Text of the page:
Credit sequences may seem like a time for viewers to grab some popcorn before the show, but enjoying the complex packages — carefully fashioned to transition viewers into the world on-screen — will add to the enjoyment of a movie or a TV show, or even a video game.

Richie Adams, founder of River Road Creative, whose most recent credit work was on the Brad Pitt starrer “Ad Astra,” says part of good design is ensuring the credits reflect the production’s narrative, themes and style. While watching an early cut of the project, Adams picked up on the repeated use of camera flares in the cinematography and pitched the idea of setting the credits to an arrangement of those flares. “At times, that offers an unsettling feel,” explains Adams, “and at other times, they’re just beautiful.”

Adams used a typeface that reflected ancient Rome, since the movie draws its title from Latin, and the unusual red hue he added was meant to feel a bit unsettling while bringing viewers into the world of the film. The color was designed to appear linked to the flare, “as if you’re seeing something in that world that it’s connected to,” explains Adams.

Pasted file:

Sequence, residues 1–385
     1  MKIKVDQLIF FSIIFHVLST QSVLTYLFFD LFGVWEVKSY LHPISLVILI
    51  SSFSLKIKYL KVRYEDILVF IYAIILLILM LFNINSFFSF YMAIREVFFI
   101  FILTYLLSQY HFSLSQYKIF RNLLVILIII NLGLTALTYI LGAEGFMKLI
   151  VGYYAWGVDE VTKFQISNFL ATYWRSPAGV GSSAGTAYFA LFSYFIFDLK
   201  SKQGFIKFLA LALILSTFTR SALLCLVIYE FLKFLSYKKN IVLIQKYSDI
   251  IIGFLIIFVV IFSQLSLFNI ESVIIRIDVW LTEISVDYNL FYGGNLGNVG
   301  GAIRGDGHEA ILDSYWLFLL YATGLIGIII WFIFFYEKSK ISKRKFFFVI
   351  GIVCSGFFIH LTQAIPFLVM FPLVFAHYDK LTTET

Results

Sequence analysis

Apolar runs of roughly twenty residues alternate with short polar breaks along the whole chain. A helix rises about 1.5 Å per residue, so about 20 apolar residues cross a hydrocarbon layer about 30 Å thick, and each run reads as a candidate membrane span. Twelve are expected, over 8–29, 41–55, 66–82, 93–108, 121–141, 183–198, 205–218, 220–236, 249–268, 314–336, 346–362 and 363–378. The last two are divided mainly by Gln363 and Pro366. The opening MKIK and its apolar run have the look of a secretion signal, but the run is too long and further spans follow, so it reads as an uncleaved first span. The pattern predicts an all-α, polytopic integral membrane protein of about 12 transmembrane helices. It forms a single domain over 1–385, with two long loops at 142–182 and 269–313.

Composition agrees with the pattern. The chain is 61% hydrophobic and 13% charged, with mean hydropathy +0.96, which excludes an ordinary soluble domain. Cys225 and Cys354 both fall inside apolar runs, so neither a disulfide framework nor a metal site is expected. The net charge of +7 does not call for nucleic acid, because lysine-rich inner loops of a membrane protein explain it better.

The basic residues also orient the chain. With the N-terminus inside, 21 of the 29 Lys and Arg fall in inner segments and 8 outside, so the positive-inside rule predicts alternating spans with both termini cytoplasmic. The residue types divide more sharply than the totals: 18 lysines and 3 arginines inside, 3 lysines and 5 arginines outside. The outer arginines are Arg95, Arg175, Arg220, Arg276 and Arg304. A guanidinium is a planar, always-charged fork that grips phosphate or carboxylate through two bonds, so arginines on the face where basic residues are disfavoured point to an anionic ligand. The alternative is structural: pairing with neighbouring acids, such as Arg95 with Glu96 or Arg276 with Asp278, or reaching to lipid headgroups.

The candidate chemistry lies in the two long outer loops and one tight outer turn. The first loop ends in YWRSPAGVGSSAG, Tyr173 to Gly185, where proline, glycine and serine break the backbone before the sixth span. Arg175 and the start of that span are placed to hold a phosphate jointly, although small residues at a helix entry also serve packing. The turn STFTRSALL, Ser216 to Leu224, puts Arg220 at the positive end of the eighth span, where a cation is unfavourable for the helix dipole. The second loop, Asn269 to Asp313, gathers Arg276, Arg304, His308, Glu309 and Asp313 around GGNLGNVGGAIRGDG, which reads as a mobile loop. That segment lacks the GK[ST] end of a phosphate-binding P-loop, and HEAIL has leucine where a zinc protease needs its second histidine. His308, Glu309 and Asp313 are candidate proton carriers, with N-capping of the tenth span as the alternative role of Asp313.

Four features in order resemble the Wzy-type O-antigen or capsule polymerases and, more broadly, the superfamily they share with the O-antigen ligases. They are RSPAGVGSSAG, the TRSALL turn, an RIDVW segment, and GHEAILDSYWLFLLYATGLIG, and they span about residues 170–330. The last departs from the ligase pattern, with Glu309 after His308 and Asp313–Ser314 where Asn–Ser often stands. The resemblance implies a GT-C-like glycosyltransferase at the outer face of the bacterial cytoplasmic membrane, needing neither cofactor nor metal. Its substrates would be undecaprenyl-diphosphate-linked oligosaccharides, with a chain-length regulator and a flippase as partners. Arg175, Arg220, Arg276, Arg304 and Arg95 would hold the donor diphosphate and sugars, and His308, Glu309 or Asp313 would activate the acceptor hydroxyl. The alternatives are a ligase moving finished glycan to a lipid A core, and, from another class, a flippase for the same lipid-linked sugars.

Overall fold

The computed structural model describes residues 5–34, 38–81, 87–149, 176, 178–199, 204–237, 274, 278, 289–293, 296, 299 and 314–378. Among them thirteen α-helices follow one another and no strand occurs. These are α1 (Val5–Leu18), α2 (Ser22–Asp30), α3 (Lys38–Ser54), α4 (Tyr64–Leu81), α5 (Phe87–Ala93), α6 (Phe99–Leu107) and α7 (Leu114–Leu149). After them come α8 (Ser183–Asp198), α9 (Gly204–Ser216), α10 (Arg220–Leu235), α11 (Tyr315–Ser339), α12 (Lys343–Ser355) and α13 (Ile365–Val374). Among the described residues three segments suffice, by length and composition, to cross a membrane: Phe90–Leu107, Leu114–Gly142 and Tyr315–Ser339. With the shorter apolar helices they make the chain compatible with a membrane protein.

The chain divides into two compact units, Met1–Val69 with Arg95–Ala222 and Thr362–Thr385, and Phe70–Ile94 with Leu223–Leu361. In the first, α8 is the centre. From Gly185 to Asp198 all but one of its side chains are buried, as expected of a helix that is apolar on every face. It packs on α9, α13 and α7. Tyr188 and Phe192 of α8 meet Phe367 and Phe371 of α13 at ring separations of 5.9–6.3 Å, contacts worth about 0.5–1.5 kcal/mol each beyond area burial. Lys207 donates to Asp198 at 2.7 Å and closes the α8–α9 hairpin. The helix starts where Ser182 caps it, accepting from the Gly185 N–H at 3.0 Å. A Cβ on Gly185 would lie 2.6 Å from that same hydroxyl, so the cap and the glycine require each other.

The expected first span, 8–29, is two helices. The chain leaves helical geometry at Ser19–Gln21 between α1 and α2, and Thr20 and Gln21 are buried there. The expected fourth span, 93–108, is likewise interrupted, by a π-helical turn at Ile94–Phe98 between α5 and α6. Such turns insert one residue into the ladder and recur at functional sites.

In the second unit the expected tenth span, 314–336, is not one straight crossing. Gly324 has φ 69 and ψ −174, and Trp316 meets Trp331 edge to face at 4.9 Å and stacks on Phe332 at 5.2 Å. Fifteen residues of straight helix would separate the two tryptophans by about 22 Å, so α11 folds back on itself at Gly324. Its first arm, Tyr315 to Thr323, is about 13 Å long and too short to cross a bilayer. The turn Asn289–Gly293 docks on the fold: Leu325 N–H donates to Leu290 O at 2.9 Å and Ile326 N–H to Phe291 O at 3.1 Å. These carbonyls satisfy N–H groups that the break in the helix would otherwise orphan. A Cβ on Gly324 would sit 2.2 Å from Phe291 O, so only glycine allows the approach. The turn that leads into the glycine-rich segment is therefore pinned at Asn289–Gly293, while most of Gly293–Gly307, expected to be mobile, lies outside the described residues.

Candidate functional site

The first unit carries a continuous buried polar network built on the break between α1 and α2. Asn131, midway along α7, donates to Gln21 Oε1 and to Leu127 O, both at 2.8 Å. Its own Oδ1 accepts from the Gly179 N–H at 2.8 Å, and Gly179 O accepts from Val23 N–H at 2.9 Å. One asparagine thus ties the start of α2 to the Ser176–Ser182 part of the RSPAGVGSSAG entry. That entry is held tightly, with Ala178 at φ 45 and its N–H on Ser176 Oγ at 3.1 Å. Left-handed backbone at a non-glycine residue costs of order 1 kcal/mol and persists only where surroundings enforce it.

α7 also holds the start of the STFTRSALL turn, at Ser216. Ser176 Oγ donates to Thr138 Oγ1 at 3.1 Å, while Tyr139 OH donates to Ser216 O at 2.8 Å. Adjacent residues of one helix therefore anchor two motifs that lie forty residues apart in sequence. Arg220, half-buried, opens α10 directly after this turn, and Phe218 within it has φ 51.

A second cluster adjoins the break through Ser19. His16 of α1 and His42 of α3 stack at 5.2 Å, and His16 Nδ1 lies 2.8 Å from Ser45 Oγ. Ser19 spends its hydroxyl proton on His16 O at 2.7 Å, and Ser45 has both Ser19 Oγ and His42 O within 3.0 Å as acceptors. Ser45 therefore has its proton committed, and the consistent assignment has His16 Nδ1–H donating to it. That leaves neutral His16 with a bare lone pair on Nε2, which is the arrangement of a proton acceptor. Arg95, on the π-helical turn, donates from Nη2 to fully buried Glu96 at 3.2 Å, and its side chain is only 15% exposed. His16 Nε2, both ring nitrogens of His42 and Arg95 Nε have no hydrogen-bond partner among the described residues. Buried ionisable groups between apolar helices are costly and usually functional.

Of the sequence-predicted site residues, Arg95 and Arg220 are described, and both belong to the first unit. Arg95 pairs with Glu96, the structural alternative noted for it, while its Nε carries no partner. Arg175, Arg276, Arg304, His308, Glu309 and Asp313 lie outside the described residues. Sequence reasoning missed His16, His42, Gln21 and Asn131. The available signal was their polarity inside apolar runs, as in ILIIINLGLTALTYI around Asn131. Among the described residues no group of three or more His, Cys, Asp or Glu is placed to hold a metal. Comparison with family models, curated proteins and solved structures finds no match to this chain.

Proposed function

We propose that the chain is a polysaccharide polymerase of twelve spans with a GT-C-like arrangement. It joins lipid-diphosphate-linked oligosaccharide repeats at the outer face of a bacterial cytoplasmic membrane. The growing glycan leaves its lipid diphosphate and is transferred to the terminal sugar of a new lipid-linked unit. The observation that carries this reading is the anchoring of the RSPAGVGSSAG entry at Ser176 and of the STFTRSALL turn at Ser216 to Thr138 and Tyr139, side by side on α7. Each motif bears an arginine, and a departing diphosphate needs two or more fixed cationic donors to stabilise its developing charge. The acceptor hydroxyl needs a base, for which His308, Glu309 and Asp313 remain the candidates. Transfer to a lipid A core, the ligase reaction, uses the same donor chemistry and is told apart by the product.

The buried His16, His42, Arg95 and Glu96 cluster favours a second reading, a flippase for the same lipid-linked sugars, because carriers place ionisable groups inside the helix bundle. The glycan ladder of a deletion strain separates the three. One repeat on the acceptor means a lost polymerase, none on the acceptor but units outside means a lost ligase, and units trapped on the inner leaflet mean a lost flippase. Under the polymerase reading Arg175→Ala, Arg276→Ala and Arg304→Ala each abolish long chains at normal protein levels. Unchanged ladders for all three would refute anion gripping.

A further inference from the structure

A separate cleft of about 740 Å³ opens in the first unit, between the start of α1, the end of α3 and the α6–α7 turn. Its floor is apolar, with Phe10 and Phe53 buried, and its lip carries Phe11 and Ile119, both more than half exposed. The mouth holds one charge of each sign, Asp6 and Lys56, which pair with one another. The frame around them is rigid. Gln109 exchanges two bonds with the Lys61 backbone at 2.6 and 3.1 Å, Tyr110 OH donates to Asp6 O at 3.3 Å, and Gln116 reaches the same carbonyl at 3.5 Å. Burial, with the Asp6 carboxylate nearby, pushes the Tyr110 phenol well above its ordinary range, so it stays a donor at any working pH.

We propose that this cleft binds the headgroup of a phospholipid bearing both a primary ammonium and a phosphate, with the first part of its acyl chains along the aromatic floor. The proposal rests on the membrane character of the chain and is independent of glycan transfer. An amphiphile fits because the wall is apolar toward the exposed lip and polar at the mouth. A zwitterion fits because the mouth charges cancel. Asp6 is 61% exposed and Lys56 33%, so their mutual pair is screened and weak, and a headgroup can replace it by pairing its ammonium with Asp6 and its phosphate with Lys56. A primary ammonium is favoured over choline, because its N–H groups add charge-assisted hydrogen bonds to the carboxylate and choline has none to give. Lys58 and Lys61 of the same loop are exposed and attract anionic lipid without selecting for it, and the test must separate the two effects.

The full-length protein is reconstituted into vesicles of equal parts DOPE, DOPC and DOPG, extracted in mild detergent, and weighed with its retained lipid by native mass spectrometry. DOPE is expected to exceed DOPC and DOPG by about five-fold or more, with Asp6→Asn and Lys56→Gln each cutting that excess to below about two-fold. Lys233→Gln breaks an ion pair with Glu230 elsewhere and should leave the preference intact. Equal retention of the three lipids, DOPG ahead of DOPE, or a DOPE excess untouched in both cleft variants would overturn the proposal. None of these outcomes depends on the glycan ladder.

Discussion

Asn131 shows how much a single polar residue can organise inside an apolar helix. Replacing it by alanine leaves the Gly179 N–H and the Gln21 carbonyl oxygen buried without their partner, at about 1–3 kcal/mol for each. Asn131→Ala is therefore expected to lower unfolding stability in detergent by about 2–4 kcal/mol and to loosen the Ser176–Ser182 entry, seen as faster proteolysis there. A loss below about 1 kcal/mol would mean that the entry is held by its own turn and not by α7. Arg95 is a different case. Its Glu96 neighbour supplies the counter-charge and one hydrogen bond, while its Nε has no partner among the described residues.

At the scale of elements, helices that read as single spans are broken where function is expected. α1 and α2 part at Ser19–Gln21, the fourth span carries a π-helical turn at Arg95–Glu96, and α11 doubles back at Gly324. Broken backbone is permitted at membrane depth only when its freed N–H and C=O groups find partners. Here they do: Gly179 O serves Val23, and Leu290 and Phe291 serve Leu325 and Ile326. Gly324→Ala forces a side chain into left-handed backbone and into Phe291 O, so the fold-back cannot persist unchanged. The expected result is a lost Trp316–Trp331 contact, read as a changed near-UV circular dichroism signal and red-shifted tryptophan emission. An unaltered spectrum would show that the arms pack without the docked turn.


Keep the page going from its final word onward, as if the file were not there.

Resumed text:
Credit sequences can be tied to projects in various ways, such as the Emmy-winning titles from “Game of Thrones,” which changed with each episode. Angus Wall, founder of Elastic and a four-time Emmy winner for main title design, is the creative director behind the show’s extraordinary look.  

The credits were conceived of as a way to provide information about the geography of the world, as a map might appear at the beginning of a novel. “You wouldn’t want to get that narratively,” says Wall, “because it would be very expository and boring considering the show, but there is a need for it because the world is so elaborate.”

The sequence morphed each week to reflect the locations visited in the episode. The elaborate look involved modeling, surfacing, design and animation, a process that took about a year initially, a time frame that Wall, who also has two Oscars for film editing, calls “luxurious” and well beyond the typical weeks or months credit teams usually have.

For video game “Gears 5,” the latest release in the “Gears of War” franchise, Noah Harris created a credit sequence that supported the names and narrative in the form of a nightmare with a photorealistic look. That made it more abstracted from the game, going from dream to reality — from one state to another, he explains.

Harris notes that video games themselves are far more cinematic these days, with a look that blurs the boundaries “between what high culture is and isn’t.” He adds that credit sequences in all these mediums are now recognized as an art form aside from the projects to which they’re attached.  

There was a “fine line to tread” between creating something that was abstract enough to support the credits roll and something that was also able to tell a story, says Harris, who explains he had 90 seconds of time to blend a narrative with imagery “passive enough to accept the titles and be beautiful as well.”